Multiple Virginia regulatory bodies concerned with traffic safety on the state’s varied roadways (e.g., the Department of State Police and Department of Transportation) annually work together to compile motor vehicle crash data.
That is obviously a relevant exercise for identifying trends, supplying predictive information and informing the motoring public of specific driving challenges.
The data centrally underscore this prominent point: There are clearly a lot of obstacles to contend with that elevate behind-the-wheel risks for drivers across the state.
Some relevant crash facts for Virginia drivers’ consideration
A government website authored by the above-cited agencies and the Virginia Department of Motor Vehicles makes a number of key points concerning accident data in the state relevant to a recently measured year. Information germane to 2019 highlights this:
- A stunning 128,000-plus accidents (extrapolated, that equates to more than 350 accidents on an “average” day every day of the year and more than 14 per hour)
- 827 fatalities
- Nearly 66,000 injuries
- Crashes occurring on virtually every type of roadway and involving drivers spanning a broad age spectrum
Large truck crashes: notably high risks and adverse outcomes
Accidents involving large trucks – tractor-trailers, semis, assorted 18-wheel big rigs and other commercial haulers – pose notably high risks for other drivers and passengers sharing the road.
That is for obvious reasons, of course. Big trucks by definition command outsized dimensions. They can be exceedingly lengthy and weigh scores of thousands of pounds. They are comparatively unstable vehicles that take time – and precious space – to stop or materially slow down. Truckers deal with blind spots, loads that can be unstable, pressurized time schedules, fatigue and a host of other risk catalysts. That road reality is evidenced by these 2019 crash data takeaways:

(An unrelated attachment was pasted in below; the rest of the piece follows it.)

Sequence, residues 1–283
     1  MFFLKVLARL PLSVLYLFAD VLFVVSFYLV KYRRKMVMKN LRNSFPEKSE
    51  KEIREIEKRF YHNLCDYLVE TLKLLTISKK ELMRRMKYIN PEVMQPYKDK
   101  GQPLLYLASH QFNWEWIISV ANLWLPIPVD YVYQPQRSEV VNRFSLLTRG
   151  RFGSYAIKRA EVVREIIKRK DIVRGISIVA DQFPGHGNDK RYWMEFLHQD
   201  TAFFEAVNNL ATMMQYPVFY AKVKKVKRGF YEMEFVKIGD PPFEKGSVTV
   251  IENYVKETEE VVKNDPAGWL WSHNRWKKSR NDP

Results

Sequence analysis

- 851 reported large truck crashes in Virginia
- 48 fatal accidents
Unsurprisingly, it is routinely the case that truck crash injury victims are most often drivers and passengers in smaller vehicles.
Two telling points readily link with that.
First, it is often third-party negligent behind-the-wheel behavior that directly contributes to such injuries (e.g., the above-cited trucker fatigue and things like distracted driving, substance abuse, improper loading, failed maintenance and other catalysts.)
Second, crash injuries are often severe and, when not fatal, life-altering. They range broadly from serious brain trauma and neck/back injuries to spinal cord complications, burns/lacerations, broken bones and other complications.
Individuals injured in truck crashes or other motor vehicle accidents possess strong legal rights that can be pursued diligently following an incident tied to negligent driving behavior.
A proven and empathetic personal injury legal team can promote those rights and work with a client to secure maximum compensation applicable to broad-based financial needs.